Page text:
Our 2-room suite was quite the mix of old and new. I loved the 10-foot ceilings and rich wood baseboards.
The door was awfully grand, as were the 6 windows. I only wish we could have easily opened the curtains to let in the view of the grounds.
From the Door
From the doorway, you can see we had a mounted flat screen TV with a DVD player, which we didn't really need.
It's obvious where the new split wall had made two rooms into one suite.
I doubt the priests ever had the luxury of double granite sinks.
They probably would have found the spa tub a bit disgraceful, since it looked like it was built for about 4 people.
Shower and Toilet
The gigantic shower with 2 shower heads also hinted at some unholy behavior. Katherine was eager to point out the large shower and she was kind enough to warn us about the teeny toilet closet, which was behind the door, where the robes were hanging.
I'm not a huge person and I had been warned, but I still laughed out loud when I checked out the tiny space. "Holy cow! How could anyone actually close the door, when when making use?"
We weren't given any drinking rules, so we shook up martinis in a thermal mug and took our happy hour to the second floor porch.
What a beautiful evening and setting! As the sun lowered, the frogs delighted us with their evening music!
From our porch chairs, we had a rear view of the chapel.
What a beautiful cone shaped roof with cross. We also could peer back into the courtyard where a statue of Jesus stood center, and a little red wagon waited under a tree.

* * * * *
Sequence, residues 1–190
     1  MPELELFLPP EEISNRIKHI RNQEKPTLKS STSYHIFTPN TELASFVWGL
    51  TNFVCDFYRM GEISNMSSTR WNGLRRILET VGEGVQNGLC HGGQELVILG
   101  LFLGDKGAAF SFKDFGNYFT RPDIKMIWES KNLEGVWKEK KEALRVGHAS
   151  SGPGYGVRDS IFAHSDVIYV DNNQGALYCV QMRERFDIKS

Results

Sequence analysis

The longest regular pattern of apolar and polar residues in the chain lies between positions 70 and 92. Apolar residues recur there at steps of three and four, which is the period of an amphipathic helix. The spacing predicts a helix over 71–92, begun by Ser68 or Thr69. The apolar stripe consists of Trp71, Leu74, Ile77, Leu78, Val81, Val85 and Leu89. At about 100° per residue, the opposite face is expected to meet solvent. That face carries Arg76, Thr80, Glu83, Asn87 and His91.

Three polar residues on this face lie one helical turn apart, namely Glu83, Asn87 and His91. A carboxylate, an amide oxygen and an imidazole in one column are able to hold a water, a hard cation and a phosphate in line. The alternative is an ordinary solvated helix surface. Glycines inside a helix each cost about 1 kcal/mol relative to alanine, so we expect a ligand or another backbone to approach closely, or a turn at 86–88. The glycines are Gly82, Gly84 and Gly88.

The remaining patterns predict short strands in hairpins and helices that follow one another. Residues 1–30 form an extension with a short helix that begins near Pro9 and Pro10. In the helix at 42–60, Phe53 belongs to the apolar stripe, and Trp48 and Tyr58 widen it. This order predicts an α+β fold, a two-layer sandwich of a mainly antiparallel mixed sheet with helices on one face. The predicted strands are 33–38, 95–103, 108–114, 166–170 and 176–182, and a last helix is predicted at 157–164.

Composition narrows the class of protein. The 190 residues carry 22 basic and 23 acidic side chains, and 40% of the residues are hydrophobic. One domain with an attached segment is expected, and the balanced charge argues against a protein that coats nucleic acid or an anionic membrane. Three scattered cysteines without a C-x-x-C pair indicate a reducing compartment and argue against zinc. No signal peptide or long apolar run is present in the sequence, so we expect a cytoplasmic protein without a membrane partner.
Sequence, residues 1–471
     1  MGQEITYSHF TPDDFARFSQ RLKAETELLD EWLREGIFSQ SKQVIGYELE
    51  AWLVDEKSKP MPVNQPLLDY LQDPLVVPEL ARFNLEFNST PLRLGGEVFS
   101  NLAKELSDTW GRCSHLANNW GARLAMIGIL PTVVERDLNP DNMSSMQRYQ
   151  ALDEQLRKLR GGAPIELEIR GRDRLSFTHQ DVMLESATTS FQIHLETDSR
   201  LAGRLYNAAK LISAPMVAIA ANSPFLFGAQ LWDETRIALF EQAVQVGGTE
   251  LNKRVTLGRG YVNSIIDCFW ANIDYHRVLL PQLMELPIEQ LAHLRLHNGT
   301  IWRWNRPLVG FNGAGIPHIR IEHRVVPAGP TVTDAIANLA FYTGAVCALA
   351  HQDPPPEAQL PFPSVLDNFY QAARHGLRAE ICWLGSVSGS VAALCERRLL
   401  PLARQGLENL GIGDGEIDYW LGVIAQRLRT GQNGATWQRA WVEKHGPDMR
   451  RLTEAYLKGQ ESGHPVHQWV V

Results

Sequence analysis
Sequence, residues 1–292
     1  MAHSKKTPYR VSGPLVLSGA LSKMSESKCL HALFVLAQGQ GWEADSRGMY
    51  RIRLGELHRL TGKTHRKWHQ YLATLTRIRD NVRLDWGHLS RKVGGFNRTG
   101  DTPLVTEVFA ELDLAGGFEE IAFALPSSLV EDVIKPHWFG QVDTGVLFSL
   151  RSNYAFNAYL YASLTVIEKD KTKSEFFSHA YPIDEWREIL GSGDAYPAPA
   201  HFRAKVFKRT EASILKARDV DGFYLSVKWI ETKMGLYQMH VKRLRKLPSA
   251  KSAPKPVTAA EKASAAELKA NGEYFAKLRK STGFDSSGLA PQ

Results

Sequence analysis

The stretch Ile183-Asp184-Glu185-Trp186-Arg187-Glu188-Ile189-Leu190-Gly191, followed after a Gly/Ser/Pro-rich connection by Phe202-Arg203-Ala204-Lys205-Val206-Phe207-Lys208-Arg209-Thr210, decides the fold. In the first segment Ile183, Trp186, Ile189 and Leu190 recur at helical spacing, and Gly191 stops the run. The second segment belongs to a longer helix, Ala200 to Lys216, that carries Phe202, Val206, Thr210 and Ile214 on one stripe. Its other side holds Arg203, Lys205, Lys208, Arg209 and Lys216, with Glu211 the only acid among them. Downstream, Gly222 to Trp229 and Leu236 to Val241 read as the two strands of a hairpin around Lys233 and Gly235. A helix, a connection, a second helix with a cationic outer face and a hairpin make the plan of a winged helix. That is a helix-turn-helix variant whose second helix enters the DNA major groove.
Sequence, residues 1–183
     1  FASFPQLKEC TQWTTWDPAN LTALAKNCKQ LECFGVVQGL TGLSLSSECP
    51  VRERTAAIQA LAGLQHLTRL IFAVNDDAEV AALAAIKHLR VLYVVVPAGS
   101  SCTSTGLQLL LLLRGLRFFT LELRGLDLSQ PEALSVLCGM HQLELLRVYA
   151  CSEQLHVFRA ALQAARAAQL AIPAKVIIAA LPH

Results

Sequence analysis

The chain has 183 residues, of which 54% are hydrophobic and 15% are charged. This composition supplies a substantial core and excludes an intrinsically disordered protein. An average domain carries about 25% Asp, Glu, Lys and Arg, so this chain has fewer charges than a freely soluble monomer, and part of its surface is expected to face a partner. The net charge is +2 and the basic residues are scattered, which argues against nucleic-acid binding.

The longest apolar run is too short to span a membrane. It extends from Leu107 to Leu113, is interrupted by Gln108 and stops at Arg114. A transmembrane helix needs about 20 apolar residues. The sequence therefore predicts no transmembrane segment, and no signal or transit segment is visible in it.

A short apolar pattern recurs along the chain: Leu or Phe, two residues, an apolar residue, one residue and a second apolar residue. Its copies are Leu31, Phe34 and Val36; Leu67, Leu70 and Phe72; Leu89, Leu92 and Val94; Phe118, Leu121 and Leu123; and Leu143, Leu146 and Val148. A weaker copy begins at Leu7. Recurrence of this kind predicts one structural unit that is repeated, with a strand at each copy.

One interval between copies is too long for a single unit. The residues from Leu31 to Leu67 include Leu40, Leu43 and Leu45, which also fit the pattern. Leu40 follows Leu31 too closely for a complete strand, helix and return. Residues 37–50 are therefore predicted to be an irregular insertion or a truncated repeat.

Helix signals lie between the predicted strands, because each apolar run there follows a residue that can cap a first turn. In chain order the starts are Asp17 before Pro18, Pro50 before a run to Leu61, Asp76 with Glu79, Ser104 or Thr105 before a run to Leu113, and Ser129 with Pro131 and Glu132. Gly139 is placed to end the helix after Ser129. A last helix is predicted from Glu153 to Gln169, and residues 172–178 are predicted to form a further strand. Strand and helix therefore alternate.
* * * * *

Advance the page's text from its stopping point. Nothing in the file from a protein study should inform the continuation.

More Garden Views
Directly forward from the porch was a lovely stone building.
There was a porch swing hanging from a tree and a few statues and grottos and a pond.
In the evening and morning I wandered the grounds, trying to figure it all out.
I walked around the back of St. Joseph's Chapel, build in 1908. It was hard to imagine these grounds in 1846, when the original Methodist school opened, as Arcadia High School.
I love a hotel with a creek or pond. I especially love, if there's a bridge!
The pond and gardens came much later after the The Ursuline Catholic Sisters took over in 1877.
Pondering Near the Pond
The whole setting really was absolutely peaceful. I noticed a pair of ducks enjoying their pond. As I paused to enjoy, I wondered how many young boarding students stood out here, missing home and family.
Or how many nuns wandered in prayer? And even more sobering to imagine... How many Civil War Union soldiers came out into the sunshine to heal... back when the campus turned into a hospital during the Civil War?
This gym, (built in 1930) intrigued me the most. It was built when the Catholic Girls School was at its peak.
Were those seesaws and swings, from way back then? The front of the building had an Alfred Hitchcock feel... with a pair of cement swans resting on the steps.
The Chapel was built in 1907.
We had hoped to get a tour with Katherine before leaving, but there wasn't time. I had to just imagine the beautiful interior.
The main road leading to the Academy, took us right by a stone wall and cemetery.